Labour Leader Helen Clark and transport spokesperson Harry Duynhoven today supported the allegations of the 28 local
authority mayors and council chairs who accused the Government of keeping radical and untested roading reform firmly on
Helen Clark and Harry Duynhoven said that no amount of weasel words from Mr Williamson could disguise the fact that
National’s agenda was to commercialise the roading system and that that would have serious implications for regional New
Zealand in particular.
“Labour has been resolute in its determination to keep accountability for roading with elected bodies who are themselves
accountable to their communities. We do not want roading commercialised. We want it run efficiently and effectively to
maintain a nationwide roading network.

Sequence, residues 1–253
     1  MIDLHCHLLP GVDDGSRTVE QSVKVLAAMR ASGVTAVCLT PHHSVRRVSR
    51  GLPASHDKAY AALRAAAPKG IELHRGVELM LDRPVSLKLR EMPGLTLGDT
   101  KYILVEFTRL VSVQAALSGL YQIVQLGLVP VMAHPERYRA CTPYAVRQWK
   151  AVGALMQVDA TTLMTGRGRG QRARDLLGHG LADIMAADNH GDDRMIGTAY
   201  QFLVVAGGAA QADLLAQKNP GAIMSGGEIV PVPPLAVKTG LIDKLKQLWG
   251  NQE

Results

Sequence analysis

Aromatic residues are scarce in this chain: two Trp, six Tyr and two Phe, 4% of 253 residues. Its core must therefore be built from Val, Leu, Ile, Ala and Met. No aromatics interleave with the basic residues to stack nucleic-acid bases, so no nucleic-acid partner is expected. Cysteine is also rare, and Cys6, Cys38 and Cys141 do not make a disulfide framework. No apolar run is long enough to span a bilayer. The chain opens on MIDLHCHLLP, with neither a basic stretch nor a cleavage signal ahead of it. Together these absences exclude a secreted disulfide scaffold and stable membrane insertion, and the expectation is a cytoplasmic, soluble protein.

“The statement of the 28 mayors and council chairs is timely in reminding New Zealanders of National’s underlying agenda
to remove basic services like roading from local authority control. National’s proposals have always been fundamentally
anti-democratic, as they have been anti the regions of New Zealand.
“Labour has publicly stated its willingness to work with local government after the election to identify the real issues
in roading – not least of which is the funding issue – and to work to a resolution of those issues.
“We are well aware that there is considerable interest in local government in regional clustering of services like
roading. If viable plans can be developed, then the devolution of responsibility for the state highway system to the
regional clusters, within the parameters of a national strategy, can be contemplated. There would undoubtedly be
efficiencies flowing from such integration of the management of the roading network.
“Labour’s co-operative approach to working with local government on roading issue stands in stark contrast to National’s
antagonism to local government’s suggestions for roading.
“Local government is looking forward to a new era with a new central government as much as most New Zealanders,” Helen
Clark and Harry Duynhoven said.
Contact: David Lewis, press secretary, 025 409 492